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Discover the Rich History of the Rijksmuseum

Introduction

The Rijksmuseum, home to over 800 years of Dutch art and history, was commissioned first by the Holland government. When it opened in 1800 in the Hague, the museum held only 200 paintings and artifacts, moving several times before finally settling into its current location. Construction of the present Rijksmuseum only started in 1876 and opened to the public in 1885.

Rijksmuseum Timeline

1798: Holland's government decided to establish a national museum as a ‘prestige project’ to inspire patriotic feeling and to store important objects.

1800: The National Art Gallery is inaugurated in The Hague with more than 200 paintings and historical objects from both the Stadtholders’ collections and national institutions.

1808: Emperor Napoleon Bonaparte moves the national collections to the Royal Palace on Dam Square in the new capital, along with other important paintings, including Rembrandt’s 'The Night Watch'.

1809: The Royal Museum officially opens on the palace’s top floor.

1813: King Willem I relocated the museum and the national print collection from The Hague to Trippenhuis, a 17th-century city palace, and christened it the ‘Rijks Museum’, or ‘national museum’.

1876: The construction of the Netherlands' own national museum building. Pierre Cuypers is commissioned to be the architect.

1885: The Rijksmuseum opened to the public housing almost all of Amsterdam’s collection of older paintings, in addition to the existing collections.

1904-1950s: A series of renovations, including the construction of the Philips Wing and the new Asian Art department.

2003-2013: The museum was restored to Cuypers’ original architectural plan where paintings, applied arts, and history are no longer displayed in separate parts of the building but rather tell a chronological story.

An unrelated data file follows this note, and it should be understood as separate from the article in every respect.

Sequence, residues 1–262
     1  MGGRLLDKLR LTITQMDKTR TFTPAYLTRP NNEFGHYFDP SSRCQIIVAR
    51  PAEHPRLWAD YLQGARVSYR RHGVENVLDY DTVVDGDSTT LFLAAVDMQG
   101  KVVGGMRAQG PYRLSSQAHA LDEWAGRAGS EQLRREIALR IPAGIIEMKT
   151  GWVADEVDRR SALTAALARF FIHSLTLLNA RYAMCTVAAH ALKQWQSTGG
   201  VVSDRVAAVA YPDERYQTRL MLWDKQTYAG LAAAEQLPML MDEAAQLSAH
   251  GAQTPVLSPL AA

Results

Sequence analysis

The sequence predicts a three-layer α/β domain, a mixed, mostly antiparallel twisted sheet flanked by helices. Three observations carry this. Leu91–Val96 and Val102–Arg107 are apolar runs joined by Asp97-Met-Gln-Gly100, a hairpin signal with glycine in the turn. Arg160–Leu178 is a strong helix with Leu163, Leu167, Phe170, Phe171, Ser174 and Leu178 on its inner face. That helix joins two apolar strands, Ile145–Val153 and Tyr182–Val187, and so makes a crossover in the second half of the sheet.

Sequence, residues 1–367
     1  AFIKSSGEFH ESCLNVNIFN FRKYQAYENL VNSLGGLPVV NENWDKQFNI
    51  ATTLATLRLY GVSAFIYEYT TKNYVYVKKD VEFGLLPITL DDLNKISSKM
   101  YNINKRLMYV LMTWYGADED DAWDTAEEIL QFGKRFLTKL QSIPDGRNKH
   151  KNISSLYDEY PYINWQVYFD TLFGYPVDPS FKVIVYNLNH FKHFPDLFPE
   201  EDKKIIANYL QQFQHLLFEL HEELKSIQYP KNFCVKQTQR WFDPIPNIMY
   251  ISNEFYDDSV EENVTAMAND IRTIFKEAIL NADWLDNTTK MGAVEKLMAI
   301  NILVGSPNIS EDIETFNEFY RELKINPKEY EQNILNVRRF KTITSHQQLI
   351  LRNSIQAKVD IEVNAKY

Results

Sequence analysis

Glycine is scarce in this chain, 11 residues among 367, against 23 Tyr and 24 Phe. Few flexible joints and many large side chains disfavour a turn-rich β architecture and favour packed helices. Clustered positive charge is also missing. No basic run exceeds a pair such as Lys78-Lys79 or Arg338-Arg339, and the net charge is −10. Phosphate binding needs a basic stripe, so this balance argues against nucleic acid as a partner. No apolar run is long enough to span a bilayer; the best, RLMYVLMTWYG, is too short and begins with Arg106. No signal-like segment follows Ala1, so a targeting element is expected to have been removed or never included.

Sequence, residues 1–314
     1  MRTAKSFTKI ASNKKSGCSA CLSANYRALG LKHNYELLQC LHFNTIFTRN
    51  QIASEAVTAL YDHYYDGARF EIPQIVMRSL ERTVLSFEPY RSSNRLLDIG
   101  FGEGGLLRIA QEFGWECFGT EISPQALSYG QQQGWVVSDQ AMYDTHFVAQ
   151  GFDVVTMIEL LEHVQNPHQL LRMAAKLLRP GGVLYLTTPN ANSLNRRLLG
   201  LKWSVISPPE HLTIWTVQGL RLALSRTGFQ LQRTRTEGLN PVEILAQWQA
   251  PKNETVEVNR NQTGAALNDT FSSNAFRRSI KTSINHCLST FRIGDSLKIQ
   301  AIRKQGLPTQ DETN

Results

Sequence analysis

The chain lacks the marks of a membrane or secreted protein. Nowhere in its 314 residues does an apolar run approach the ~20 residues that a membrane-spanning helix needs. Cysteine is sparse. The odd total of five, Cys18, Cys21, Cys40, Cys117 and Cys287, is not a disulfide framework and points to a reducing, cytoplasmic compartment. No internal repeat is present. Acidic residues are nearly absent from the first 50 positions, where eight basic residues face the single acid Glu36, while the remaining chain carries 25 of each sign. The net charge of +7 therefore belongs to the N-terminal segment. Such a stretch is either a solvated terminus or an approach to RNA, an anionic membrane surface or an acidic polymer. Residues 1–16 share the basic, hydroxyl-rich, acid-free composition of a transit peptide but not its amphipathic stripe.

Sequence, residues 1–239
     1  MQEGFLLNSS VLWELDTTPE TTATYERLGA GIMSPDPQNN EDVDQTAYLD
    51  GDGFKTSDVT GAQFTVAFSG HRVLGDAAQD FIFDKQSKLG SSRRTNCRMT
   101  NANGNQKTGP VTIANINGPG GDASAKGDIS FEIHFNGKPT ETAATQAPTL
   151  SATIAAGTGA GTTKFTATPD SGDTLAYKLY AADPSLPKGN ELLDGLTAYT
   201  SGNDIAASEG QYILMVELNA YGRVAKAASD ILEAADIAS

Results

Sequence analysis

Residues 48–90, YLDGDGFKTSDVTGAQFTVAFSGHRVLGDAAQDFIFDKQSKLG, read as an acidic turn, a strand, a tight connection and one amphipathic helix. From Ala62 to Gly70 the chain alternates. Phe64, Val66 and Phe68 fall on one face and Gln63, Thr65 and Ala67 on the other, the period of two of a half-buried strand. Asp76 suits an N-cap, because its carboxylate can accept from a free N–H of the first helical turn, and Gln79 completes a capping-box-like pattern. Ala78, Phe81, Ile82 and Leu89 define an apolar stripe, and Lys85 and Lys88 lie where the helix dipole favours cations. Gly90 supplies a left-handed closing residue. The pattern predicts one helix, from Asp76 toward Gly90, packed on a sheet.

Construction of the Rijksmuseum

The Rijksmuseum, with over two centuries of history, found its permanent home in 1885, although its inception dates back to 1800 in The Hague. Originally named the National Art Gallery and commissioned by the Dutch government, it initially housed a modest collection of 200 paintings and historical artifacts. Its journey included a relocation under Napoleon and King Willem I.

The museum's current building, designed by Pierre Cuypers, was constructed over nine years, starting in 1876. Cuypers’ design was a blend of Gothic and Renaissance styles, incorporating national symbols. Despite initial criticism for its perceived medieval and ecclesiastical aesthetics, the structure is now celebrated for its distinctive architecture, complete with towers, vaulted ceilings, and stained-glass windows, crafted by artists like Bart van Hove, François Vermeylen, Georg Sturm, and William F. Dixon.

Through the 20th century, the Rijksmuseum expanded, adding the Philips Wing, The Villa, the Cuypers Library, and the Asian Pavilion. Its most significant renovation occurred between 2003 and 2013, led by architect Cruz y Ortiz, who modernized the museum while reverently restoring Cuypers' original vision.